As you may know, I write a beer column in a wine magazine. I enjoy a wide range of foods and beverages, and would taste almost anything if I thought it would help me establish a benchmark of quality. If I were less busy and could afford to take a ‘food-poisoning vacation’ more often, I’d be far more adventurous.
Once, I was in a wine tasting room enjoying a glass of wine when a group came in. One man in the group, when asked if he would like to taste wine, announced proudly for all to hear, “I’m more of a single malt Scotch guy!” He made it clear that this would preclude the notion of tasting this other oak-aged alcoholic beverage.
While I respect a person’s right to confine himself to a certain category of taste, I don’t always understand it. I wondered, would this man drink brandy—which is essentially a whiskey made of grapes? Would he drink beer—which is a whisk(e)y that has not yet been distilled?
Pondering on this forced me to realize that I’ve never properly presented my thoughts on distilled beer. For the record, I think it’s great… but I’ll go into more detail with some notes on a few of my favorite single malt Scotches.
Laphroaig is a delightfully smoky Scotch that somehow exhibits a perfect balance amidst seemingly chaotic oceanic notes. As with most single malt Scotches, the 10- to 12-year range shows the best balance between the power of youth and the restraint of age.
Ten-year-old Talisker is a peat and pepper giant. The color is a clean, vibrant deep gold/faint rust. The smell is alcohol-driven and huge, with a display of pepper, smoke and tropical fruit. An older Talisker offering like the 18-year-old, shows a deeper orange/bronze color. On the nose are candied fruit, vanilla and oak, soft spices and just a hint of iodine.
Twelve-year-old Balvenie DoubleWood is a whisky aged in bourbon and sherry oak. I’ve always loved 18-year-old Macallan matured in sherry oak, but this Balvenie was the first I had ever tried that found a perfect balance between bourbon and sherry accents. The finish goes on and on.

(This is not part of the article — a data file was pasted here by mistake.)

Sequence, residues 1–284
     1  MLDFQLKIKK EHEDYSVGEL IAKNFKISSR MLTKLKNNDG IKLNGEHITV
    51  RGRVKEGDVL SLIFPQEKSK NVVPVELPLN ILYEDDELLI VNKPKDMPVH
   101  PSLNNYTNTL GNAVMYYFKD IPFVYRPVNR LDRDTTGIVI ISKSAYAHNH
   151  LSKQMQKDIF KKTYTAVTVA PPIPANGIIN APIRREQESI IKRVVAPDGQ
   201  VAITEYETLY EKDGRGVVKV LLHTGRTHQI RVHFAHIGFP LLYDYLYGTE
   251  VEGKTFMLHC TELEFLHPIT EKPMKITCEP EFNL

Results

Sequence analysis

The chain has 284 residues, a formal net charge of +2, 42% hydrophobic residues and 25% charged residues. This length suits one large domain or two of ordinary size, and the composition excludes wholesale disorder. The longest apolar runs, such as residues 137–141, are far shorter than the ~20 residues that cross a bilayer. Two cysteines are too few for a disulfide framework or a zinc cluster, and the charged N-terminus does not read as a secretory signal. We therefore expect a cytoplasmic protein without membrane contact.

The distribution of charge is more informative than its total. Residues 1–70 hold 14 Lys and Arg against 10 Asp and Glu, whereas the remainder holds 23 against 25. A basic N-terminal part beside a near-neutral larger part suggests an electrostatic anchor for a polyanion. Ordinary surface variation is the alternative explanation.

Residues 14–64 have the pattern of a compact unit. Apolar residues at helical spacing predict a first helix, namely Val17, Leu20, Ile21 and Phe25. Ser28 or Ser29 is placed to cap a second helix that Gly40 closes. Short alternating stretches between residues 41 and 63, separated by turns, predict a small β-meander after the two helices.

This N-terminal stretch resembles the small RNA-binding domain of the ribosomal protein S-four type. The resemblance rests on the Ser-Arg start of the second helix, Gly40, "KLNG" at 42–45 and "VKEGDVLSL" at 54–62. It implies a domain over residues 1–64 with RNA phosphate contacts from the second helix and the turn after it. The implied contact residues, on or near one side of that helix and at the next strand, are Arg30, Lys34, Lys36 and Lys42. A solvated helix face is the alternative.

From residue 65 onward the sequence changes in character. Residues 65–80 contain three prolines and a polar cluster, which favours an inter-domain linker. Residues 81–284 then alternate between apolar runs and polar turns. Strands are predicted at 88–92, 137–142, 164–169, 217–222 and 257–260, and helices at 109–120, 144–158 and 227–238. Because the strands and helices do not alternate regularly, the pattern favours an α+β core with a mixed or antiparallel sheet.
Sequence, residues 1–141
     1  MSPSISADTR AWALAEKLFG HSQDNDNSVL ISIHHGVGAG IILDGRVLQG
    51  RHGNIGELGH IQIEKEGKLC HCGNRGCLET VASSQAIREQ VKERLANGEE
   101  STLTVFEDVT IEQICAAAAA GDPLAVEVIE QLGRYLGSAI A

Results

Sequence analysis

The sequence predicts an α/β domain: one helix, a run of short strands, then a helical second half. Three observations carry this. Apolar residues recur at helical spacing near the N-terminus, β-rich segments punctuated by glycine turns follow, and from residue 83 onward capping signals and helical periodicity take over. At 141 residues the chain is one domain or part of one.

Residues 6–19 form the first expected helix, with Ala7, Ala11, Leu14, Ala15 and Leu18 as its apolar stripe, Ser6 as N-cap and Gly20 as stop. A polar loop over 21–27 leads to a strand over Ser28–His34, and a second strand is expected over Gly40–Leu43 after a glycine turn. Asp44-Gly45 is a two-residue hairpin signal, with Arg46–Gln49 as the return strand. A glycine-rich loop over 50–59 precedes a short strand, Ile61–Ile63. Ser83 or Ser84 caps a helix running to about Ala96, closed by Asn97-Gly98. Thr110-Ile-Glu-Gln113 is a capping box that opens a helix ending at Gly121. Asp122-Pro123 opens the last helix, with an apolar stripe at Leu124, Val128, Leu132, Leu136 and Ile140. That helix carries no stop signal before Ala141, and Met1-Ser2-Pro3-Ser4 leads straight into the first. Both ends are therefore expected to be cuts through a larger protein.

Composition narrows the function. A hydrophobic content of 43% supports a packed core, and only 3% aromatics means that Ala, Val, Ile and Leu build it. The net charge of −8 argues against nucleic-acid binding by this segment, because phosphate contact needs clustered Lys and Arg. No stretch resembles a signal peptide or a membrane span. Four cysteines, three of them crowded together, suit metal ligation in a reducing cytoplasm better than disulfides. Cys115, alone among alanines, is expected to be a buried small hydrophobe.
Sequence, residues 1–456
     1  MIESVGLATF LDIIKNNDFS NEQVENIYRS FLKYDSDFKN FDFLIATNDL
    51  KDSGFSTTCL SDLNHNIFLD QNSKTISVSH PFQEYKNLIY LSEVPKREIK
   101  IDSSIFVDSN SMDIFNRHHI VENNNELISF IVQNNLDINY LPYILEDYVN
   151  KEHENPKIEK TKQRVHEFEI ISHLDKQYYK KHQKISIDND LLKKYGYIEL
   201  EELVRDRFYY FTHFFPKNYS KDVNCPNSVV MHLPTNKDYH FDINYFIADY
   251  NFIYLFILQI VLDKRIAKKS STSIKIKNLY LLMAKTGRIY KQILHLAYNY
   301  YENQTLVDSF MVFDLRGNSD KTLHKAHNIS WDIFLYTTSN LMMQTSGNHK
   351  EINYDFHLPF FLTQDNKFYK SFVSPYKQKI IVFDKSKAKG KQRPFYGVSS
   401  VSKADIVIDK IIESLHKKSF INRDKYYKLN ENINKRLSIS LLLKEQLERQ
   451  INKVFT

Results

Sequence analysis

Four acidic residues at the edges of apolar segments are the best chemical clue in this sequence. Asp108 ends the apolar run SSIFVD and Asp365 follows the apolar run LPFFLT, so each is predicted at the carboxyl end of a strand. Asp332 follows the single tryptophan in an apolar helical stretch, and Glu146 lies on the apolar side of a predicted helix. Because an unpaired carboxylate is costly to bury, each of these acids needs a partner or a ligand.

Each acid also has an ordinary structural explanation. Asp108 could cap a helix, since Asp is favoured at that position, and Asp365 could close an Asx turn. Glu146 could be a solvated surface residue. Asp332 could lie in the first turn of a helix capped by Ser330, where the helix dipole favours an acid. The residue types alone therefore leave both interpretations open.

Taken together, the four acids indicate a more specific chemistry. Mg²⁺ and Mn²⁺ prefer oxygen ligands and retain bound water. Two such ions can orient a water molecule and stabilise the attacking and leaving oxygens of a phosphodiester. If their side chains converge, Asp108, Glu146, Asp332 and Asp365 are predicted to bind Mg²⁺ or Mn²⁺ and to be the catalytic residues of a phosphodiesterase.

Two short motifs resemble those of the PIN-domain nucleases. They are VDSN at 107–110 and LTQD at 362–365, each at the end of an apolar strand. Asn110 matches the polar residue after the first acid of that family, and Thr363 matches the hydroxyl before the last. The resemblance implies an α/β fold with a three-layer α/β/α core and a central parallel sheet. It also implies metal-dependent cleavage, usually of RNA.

The heavy-hitting, 16-year-old Lagavulin is an all-time favorite. The nose shows sweetness guiding big peat smoke. This isn’t a hyper-complex Scotch, but it is a big, bold, beautiful classic.
Fourteen-year-old Oban is a truly unique malt that I consider a staple. It is a clear, rusty gold, and the smell is of perfume and fresh rain on the seashore. The nose doesn’t really prepare one for its taste. It has enough complexity to change my perception every time I try it.
I thought 12-year-old Cragganmore should naturally follow Oban in this list. The color is a pale orange. Aromatics of fresh flowers and tropical fruit dominate the nose. Taste is primarily herbal with hints of lavender, sage and lemon thyme intermingled with fresh hay and with a long finish showing hints of oaky vanilla and tea leaves.
Ten-year-old Ardbeg—A single malt I don’t think I can live without. On the surface it shows a ‘battle royale’ between peat and ocean that is plenty exciting. But when you peek below the fray, you discover waves of complex beauty. The appearance is the pale yellow of a light white wine with a hint of green. The nose is like gasping for air after climbing out of a turbid ocean, only to find that your head is buried in a burning peat bog.
After all of this talk about whisky, some may feel the need for a chaser. Water would be a good chaser and it would dilute the alcohol-rich deliciousness you’ve imbibed to a more natural beer-like state. Another option would be to bring it all the way back to beer.
I’ve always loved the softly caramelized sweetness and malt-forward balance of a traditional Scotch Ale. Four Peaks Kilt Lifter is a long-time favorite of mine in Arizona that draws from the tradition of the ales of Scotland. Drink it near a bottle of Aberlour a’bunadh and thank me later.
Article by Thomas Ale Johnson
Originally published in the Winter 2013 issue of AZ Wine Lifestyle.